Applied Psychophysiology and Biofeedback

, 36:159

Effects of Incomplete Information on the Detection of Concealed Crime Details

Authors

Article

DOI: 10.1007/s10484-011-9153-2

Cite this article as:
Elaad, E. Appl Psychophysiol Biofeedback (2011) 36: 159. doi:10.1007/s10484-011-9153-2

Abstract

The accuracy of the Concealed Information Test in correct classification of informed guilty and informed innocent participants was assessed when the explicitness of the obtained information varied. For these purposes, a mock crime procedure was employed and participants were randomly assigned to six conditions formed by combinations of two levels of the state of guilt (guilty and innocent) and three levels of information completeness (exact, indicative, non-specific). As expected, informed guilty participants were more accurately detected than informed innocents. It was further found that when the gathered information was less explicit, detection efficiency decreased. Theoretical and practical implications of the present results are discussed.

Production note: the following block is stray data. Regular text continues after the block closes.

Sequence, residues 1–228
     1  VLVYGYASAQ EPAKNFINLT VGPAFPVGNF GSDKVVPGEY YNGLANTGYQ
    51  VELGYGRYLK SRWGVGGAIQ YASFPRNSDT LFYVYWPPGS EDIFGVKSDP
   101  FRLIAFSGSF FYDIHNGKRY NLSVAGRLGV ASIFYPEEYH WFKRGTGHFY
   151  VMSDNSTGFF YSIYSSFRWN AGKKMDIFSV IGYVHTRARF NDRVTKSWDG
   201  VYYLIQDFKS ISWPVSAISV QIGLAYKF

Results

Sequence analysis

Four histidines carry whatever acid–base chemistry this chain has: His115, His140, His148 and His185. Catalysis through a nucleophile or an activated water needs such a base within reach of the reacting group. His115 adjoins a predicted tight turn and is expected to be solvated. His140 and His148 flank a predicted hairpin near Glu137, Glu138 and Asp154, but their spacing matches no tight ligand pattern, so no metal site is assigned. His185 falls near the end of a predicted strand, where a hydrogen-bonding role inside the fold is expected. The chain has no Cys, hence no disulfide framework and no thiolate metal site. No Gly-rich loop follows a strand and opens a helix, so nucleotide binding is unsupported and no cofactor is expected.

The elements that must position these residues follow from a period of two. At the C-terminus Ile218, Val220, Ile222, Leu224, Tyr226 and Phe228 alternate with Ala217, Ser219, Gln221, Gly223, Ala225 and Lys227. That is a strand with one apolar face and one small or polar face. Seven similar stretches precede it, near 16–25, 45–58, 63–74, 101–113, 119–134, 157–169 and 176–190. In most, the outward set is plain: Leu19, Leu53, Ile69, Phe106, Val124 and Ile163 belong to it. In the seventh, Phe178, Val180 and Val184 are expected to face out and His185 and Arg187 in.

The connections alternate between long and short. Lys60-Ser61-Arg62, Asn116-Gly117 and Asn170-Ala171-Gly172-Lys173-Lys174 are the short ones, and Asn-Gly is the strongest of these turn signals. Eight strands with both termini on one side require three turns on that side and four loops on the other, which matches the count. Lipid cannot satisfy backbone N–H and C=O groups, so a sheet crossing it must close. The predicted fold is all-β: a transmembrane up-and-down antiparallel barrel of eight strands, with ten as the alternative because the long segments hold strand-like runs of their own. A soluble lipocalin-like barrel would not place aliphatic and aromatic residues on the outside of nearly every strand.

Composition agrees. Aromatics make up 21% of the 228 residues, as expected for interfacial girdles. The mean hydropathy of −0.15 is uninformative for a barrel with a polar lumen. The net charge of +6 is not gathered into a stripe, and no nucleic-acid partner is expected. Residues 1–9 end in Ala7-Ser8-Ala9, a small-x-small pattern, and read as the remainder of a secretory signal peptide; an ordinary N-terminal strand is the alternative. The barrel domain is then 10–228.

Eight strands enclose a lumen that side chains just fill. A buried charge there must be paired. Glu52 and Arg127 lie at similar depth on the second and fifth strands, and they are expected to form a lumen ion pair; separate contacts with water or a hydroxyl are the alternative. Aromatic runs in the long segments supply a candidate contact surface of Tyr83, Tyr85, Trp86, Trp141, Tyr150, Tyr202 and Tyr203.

Keywords

Guilty knowledge testConcealed information testPolygraphPsychophysiological detection of informationInformation processing

Copyright information

© Springer Science+Business Media, LLC 2011